To prove common-law fraud in New Jersey, a plaintiff must show: (1) a material misrepresentation of a presently existing or past fact; (2) knowledge or belief by the defendant of its falsity; (3) an intention that the plaintiff rely on it; (4) reasonable reliance on the misrepresentation by the plaintiff; and (5) resulting damages. Gennari v. Weichert Co. Realtors, 148 N.J. 582, 610 (1997); Bilotti v. Accurate Forming Co., 39 N.J. 184, 205-06 (1963).

Sara Lee contends that it is entitled to judgment as a matter of law on LCC's fraud claim because LCC has failed to produce evidence that Sara Lee knowingly misrepresented a material fact or that LCC reasonably relied upon Sara Lee's alleged misrepresentations. In support of this argument, Sara Lee contends that the only evidence which LCC has introduced that suggests that Sara Lee knew of the materially different specifications of the Mexican pantyhose is the equivocal testimony of LCC's witness, Vereen Mizelle ("Mizelle"). Sara Lee argues that Mizelle's conclusion that Sara Lee knew of the materially different specifications of the Mexican pantyhose was "unsupported by any facts, and, thus, was entirely conclusory and speculative." Def.'s Br. at 22.

LCC argues in opposition that it presented sufficient evidence to support a jury finding that Sara Lee made a knowing material misrepresentation of fact to LCC regarding the specifications of the Mexican-made pantyhose and that is a question for the jury whether Vasys's reliance upon those misrepresentations was reasonable. Id. at 9.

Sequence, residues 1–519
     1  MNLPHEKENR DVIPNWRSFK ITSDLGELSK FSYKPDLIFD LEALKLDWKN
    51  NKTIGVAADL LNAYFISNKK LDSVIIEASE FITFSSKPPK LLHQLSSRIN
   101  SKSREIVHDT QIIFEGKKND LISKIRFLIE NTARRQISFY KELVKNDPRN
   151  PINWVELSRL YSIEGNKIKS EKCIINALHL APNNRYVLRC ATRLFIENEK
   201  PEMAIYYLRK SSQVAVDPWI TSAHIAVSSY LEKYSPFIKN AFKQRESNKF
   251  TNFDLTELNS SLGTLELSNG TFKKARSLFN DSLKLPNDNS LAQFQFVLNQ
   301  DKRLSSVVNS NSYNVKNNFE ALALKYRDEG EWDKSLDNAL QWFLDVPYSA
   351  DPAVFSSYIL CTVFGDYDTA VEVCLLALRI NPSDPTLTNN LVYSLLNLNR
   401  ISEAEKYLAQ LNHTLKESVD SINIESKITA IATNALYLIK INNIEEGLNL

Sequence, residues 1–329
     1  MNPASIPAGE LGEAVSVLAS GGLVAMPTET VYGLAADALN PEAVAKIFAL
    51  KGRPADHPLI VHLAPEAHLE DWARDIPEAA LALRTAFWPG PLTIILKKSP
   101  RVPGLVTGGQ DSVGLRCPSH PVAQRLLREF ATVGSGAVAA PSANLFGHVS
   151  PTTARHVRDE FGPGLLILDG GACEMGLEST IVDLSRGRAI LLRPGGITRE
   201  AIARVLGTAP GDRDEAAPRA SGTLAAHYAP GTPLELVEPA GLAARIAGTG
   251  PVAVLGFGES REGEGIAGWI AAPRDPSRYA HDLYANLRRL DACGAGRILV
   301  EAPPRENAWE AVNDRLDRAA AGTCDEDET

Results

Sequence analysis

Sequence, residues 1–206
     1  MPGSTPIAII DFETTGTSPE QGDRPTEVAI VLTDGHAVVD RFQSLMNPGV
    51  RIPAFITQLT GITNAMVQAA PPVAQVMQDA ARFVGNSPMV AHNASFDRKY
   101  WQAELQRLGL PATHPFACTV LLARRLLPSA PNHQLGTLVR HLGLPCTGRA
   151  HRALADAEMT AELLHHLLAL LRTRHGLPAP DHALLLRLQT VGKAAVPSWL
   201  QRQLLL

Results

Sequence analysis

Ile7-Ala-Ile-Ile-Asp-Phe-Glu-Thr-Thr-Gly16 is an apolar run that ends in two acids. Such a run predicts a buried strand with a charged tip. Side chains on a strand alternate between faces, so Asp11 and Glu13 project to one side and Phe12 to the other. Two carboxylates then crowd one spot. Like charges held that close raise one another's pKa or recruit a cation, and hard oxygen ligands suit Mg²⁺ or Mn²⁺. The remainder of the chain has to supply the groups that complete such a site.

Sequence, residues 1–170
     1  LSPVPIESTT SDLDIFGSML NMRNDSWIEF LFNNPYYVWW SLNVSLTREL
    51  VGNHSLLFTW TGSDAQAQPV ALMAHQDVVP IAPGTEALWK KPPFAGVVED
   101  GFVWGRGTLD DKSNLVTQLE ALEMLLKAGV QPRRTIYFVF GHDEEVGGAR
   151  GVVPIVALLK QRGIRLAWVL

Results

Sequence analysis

LCC introduced evidence that Peter Hellebush ("Hellebush"), former President of Sara Lee Hosiery, represented to Vasys that "the specs [of the Mexican-made pantyhose] are exactly the same as they are in the U.S.," Pl.'s Ex. 76, that the Mexican-made pantyhose were not "irregulars" or "defective goods," but "first quality product." Tr. 901:22-903:7. LCC also introduced evidence that the specifications of the Mexican-made pantyhose were different from the specifications of pantyhose made in the United States. Tr. 1156:11-1157:25 (LCC's expert, Dr. Miller testifying that "The specifications were not the same. In other words, the actual dimensions of the product as they wanted them to be in this country and as they are made in Mexico were different."); Pl.'s Ex. 354J; Pl.'s Ex. 354K; Pl.'s Ex. 154 (memorandum from Joe Williams to Vereen Mizelle stating "These products [the Mexican-made pantyhose] are obviously not exact replicas of the same U.S. styles in all respects."). LCC also introduced evidence that Sara Lee did not reveal to LCC that the Mexican-made pantyhose had "fallen short from all expectations, to a large extent due to product dissatisfaction, . . .". Pl.'s Ex. 87, and that this information would have been material to the parties' agreement, see Tr. 920:20-922:4; see also Tr. 1096:23-1097:3. Thus, there is sufficient evidence in the record from which the jury could conclude that there was a material misrepresentation made about the specifications of the Mexican-made pantyhose.